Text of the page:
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Amazon.com, Inc. (AMZN): Is The e-Retailer Large Enough?

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Once referred to as the world’s largest online bookstore, Amazon.com, Inc. (NASDAQ:AMZN) is that and so much more today. As the company has added more products and services to its overall mix, its customers, merchants, and shareholders have all benefited — and it looks like this may continue to be the case moving forward.

Continuing to expand

Recently, Amazon reported very solid first-quarter 2013 profits. These were due in part to gaining more control over the company’s shipping expenses and other costs. Decreased shipping costs came from Amazon.com, Inc. (NASDAQ:AMZN)’s building of more distribution warehouses that are closer to the company’s worldwide customers. Amazon also began to charge its third-party merchants on its marketplace a higher amount for their shipping services as well.

Although still riding strong, Amazon’s international revenue growth did slow down a bit early this year, possibly prompting some declines in the firm’s operating profit and likewise its net income as compared to the first quarter of 2012.

Amazon.com Inc. (AMZN)Yet, as far as its overall gross profit margin — which has come to be a closely monitored measure of the company’s profitability — Amazon.com, Inc. (NASDAQ:AMZN) posted an impressive increase in that category. Overall, Amazon reported the highest gross profit since the early 2000s.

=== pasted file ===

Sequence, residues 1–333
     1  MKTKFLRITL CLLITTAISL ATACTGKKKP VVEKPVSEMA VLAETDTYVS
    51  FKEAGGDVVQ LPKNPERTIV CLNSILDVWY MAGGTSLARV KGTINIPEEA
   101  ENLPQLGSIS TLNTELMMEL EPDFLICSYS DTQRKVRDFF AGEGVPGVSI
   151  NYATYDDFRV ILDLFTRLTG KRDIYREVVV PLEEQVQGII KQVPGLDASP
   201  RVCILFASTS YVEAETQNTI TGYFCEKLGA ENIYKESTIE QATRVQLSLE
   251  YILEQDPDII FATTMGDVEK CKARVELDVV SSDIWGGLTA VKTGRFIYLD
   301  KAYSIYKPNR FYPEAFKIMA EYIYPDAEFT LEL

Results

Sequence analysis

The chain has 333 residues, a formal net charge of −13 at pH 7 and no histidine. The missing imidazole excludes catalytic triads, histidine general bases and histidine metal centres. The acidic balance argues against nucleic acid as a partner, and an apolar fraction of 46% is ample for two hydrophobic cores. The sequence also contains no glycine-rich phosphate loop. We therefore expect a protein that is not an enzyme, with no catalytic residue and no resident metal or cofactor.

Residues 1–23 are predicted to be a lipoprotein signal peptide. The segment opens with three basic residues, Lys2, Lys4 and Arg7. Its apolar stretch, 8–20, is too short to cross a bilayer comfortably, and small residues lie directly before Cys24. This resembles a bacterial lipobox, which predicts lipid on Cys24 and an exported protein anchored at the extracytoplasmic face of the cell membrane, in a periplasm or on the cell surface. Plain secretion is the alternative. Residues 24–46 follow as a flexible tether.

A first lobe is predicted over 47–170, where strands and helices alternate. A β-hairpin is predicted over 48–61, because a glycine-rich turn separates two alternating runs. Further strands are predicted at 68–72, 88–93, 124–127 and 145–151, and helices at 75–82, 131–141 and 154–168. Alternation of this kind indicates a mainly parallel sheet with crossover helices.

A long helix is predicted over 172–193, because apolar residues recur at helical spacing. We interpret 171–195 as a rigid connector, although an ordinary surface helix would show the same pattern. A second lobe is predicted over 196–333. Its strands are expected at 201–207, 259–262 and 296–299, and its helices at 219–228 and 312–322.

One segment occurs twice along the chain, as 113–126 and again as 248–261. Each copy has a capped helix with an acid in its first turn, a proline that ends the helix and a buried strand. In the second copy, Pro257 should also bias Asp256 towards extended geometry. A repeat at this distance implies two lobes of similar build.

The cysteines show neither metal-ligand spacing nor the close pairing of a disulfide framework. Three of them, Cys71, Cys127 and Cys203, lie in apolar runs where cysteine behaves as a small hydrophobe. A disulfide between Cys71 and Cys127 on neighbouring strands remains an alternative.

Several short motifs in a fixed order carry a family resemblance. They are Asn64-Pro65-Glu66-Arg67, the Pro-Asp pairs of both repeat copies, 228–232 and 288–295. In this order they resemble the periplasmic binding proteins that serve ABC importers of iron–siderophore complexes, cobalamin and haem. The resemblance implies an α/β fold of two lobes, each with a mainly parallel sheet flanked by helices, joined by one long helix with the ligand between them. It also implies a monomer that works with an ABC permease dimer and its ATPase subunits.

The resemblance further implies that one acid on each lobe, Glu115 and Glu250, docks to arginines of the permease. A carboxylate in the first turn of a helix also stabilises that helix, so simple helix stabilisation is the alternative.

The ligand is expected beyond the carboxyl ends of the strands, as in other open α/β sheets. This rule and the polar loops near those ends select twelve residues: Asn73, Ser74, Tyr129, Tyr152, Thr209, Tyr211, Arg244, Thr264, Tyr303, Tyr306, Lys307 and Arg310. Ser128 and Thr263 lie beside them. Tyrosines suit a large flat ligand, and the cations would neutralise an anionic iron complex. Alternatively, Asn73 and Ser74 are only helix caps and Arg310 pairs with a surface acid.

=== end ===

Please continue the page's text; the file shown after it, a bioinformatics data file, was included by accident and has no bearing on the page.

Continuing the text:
Revenue was also up in early 2013, increasing substantially over the first quarter 2012. Likewise, the company’s international revenue also was up more than 25% during the same time period.

While these positive financials initially prompted the shares of Amazon.com, Inc. (NASDAQ:AMZN) to rise, the company guided its second quarter 2013 figures closely in line with Wall Street’s sell side estimates. If Amazon can meet or beat these estimates, though, shares are likely to continue rising.

One potential catalyst for big gains in the latter part of 2013 is the potential set-top box that would deliver Amazon.com, Inc. (NASDAQ:AMZN)’s digital video service — as well as other offerings — to its customers. This new box, appropriately titled “Kindle TV” after the firm’s famous e-reader device, could give Apple Inc. (NASDAQ:AAPL)‘s  web-tethered set-top device a real run for its money.

Although Apple Inc. (NASDAQ:AAPL)’s set-top device to deliver its digital video content has been on the market for several years, the device has never gained the popularity — or the sales figures — that lie anywhere close to those of the company’s iPod, iPad, or iPhone. However, investors can breath a sigh of relief from the recent sales numbers, as Apple TV sales in the recent quarters have shown increased demand for an understated device that is now more than five years old.

Is there a close second?

Faithful movie watchers and Netflix, Inc. (NASDAQ:NFLX) shareholders have also been well rewarded of late. Here, too, is a story of positive numbers — including the signing up of more than 2 million new U.S. streaming subscribers in just the first quarter of 2013 alone — nearly topping the company’s own predictions and cleanly beating analysts’ estimates. Include worldwide numbers, and that figure goes up to an impressive 3 million.

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